Saturday, May 19, 2007

Hanwell Senior

I read a great short story by Zadie Smith in the May 14th New Yorker called Hanwell Senior. It's available online if you don't get the magazine (it might not be available long). She references Middlemarch, which I'm currently obsessed with, so I was pretty excited about that. She also uses this really interesting narrative devise where she breaks out of the 3rd person and refers to herself, and to the process of writing.
Here's a section to illustrate:
In the novel “Middlemarch,” we find the old adage of a man’s charity growing in direct proportion to its distance from his own door. This is reminiscent of all the dutiful grandchildren and great-grandchildren lingering over deathbeds with digital recorders, or else manically pursuing their ancestors through the online genealogy sites at three in the morning, so very eager to reconstitute the lives and thoughts of dead and soon-to-be-dead men, though they may regularly screen the phone calls of their own mothers. I am of that generation. I will do anything for my family except see them.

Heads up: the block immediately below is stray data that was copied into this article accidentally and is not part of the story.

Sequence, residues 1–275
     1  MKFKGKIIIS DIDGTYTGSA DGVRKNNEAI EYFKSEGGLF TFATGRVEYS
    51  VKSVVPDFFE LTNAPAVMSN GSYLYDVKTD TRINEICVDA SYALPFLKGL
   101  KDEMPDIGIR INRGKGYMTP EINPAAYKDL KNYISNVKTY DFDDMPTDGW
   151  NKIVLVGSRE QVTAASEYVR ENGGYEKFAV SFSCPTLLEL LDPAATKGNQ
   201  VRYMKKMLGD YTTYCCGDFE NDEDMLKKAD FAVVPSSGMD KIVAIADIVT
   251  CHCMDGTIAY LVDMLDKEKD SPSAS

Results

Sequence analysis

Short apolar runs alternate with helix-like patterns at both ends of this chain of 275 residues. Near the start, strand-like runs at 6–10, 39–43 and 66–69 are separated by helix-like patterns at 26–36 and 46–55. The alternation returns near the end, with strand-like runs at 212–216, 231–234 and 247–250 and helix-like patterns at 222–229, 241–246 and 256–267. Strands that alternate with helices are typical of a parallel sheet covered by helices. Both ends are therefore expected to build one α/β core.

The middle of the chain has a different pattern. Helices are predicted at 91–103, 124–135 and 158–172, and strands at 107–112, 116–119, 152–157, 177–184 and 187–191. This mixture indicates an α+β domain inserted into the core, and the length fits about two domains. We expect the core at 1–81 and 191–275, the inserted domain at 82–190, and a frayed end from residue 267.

I thought the story was so moving - hope you have a chance to read it! (Let me know if you do.)

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